Wine of the Week: France 2017 Bordeaux vintage
Dwight Casimere | 1/30/2020, noon
The most anticipated and highly coveted event of the wine world is the debut of the newest wines from the famed Bordeaux region of France. The Union des Grands Crus de Bordeaux introduced its 2017 vintage to the United States and by all accounts, it is a banner year for Bordeaux. Unveiled amidst the fear of steep trade tariffs that have happily since been deferred, the background drama only heightened the experience of tasting what are reputed to be the world’s finest wines. The union’s 134 producer members presented nearly 400 wines of superlative quality. Composed primarily of Cabernet and Merlot grape varieties for red wine and Sauvignon and Semillon for dry white and sweet wines, the region is known for producing exceptional wines.
Located at the earth’s 45th parallel, the Bordeaux region is know for its perfect location for wine production. Its terroir, that almost inexplicable confluence of climate, soil and region, makes for an eminently favorable environment for wine. This harmonious blend combines the natural expression of the region with time-honored traditions, passion, dedication and a touch of soul, to create unique wines.
Here are just a few of the highlights.
From the Haut-Medoc
Chateau Fourcas Dupre -$24
Founded in1844 by the lawyer Jean Baptiste Antoine Dupre, a member of the Bordeaux Appeals Court, the cellars, buildings and chateau have been completely restored. The vineyards are located in gravel soils on the slopes of the Pyranees. Current owner Patrice Pages is also the winemaker. The wine is 44% Merlot, 44% Cabernet, 10% Cabernet Franc and 2% Pett Verdot. Bright Ruby red in color, the wine is redolent of blackberries on the nose with a mix of black and red fruit on the palate. A subtle marine influence ads to its complexity. Terrific to drink now because of its freshness and tension on the finish. The best that Listrac-Medoc has to offer
Chateau Cantenac Brown -$69
John-Lewis Brown purchased a vineyard in the early 1800s in the village of Cantenac and built a Tudor style chateaux that reminded him of his Scottish home. In 1843, Mssr. Gromard, a banker, took over the property and turned it over to wine merchant Armand Laland, the owner of Chateau Leoville Poyfere in St. Julien . Now owned by the Simon Halabi family, the winery has flourished and has achieved world renown under the stewardship of winemaker Jose Sanfins.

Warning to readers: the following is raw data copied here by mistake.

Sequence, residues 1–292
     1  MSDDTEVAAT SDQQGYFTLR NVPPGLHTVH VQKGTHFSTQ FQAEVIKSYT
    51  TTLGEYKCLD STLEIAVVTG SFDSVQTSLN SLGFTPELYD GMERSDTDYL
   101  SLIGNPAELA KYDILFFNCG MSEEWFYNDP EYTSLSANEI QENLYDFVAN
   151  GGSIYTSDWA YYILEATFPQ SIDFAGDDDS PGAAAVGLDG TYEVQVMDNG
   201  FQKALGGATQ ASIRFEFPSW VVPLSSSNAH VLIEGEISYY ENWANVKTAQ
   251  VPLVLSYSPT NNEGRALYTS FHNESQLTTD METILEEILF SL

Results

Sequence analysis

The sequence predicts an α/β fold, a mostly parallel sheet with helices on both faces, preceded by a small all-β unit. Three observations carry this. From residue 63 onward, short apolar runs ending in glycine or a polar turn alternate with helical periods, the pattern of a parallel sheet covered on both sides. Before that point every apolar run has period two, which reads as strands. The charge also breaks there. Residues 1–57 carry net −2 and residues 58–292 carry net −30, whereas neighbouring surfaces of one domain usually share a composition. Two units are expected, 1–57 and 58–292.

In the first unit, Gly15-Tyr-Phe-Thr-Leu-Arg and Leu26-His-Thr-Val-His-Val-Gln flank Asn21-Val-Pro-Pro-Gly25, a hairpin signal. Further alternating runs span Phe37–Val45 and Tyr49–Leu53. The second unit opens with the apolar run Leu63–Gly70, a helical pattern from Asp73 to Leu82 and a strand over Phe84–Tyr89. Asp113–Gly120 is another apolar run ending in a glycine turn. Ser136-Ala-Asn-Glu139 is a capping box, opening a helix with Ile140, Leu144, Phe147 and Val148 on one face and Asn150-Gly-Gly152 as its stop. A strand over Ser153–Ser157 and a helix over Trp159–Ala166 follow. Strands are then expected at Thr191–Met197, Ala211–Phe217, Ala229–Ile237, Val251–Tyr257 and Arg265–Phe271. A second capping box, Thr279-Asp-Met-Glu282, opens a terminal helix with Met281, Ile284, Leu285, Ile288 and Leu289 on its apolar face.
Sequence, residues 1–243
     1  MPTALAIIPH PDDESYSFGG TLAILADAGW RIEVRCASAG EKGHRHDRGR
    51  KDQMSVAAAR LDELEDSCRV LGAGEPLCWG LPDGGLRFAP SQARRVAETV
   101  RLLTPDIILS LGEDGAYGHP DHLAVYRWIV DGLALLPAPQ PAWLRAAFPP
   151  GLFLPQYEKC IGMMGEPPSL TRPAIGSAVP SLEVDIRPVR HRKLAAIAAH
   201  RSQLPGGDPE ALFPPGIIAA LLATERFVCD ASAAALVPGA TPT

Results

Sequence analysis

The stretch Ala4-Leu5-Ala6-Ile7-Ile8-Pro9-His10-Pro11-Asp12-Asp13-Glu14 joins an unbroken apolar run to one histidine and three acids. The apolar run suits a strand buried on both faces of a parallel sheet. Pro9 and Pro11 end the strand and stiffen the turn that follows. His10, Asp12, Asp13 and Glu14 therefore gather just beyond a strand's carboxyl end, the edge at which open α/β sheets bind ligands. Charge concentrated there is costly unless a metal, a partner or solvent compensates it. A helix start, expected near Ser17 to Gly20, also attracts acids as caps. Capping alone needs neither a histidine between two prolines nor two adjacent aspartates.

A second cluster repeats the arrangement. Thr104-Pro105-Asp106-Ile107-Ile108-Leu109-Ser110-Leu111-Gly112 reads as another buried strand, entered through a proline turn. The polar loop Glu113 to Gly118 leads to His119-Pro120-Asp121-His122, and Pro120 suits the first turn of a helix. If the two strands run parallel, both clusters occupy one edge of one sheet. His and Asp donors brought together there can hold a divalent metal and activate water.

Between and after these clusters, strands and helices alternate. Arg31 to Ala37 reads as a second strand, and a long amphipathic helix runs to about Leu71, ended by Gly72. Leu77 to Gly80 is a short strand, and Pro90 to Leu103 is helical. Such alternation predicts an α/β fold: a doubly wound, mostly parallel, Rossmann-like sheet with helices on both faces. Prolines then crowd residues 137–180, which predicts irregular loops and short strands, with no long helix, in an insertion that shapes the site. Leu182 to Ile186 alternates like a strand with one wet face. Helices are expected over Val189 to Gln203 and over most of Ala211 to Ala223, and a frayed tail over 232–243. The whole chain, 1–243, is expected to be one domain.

The 2009, 2010 and 2015 vintages are considered benchmarks for the chateau. Chateau Cantenac Brown was sold to Tristan LeLou of the Urgo Group in 2019 with Sanfins still on board. The wine is made with grapes from old vines, about 60 years old. The wine is fermented at very cold temperatures and allowed to age in a combination of French oak barrels and large concrete vats. It is then aged in 60% new French oak for 12 to 15 months. This is a wine best served after a few years of cellar aging and after decanting for several hours. Best with classic meat dishes such as roast veal or lamb and hearty firm fish such as tuna or salmon. Great with mushrooms, aged cheeses and any number of pasta dishes. Feeling adventurous? This wine never met a Thai or Szechwan dish it didn't like!
This is liquid gold in the glass. Rated Premiere Cru Classe, the winery is located just across from famed Chateau d’ Yquem. Layers of honeyed lemon, hints of tamarind and orange zest. This is best savored alone as the dessert.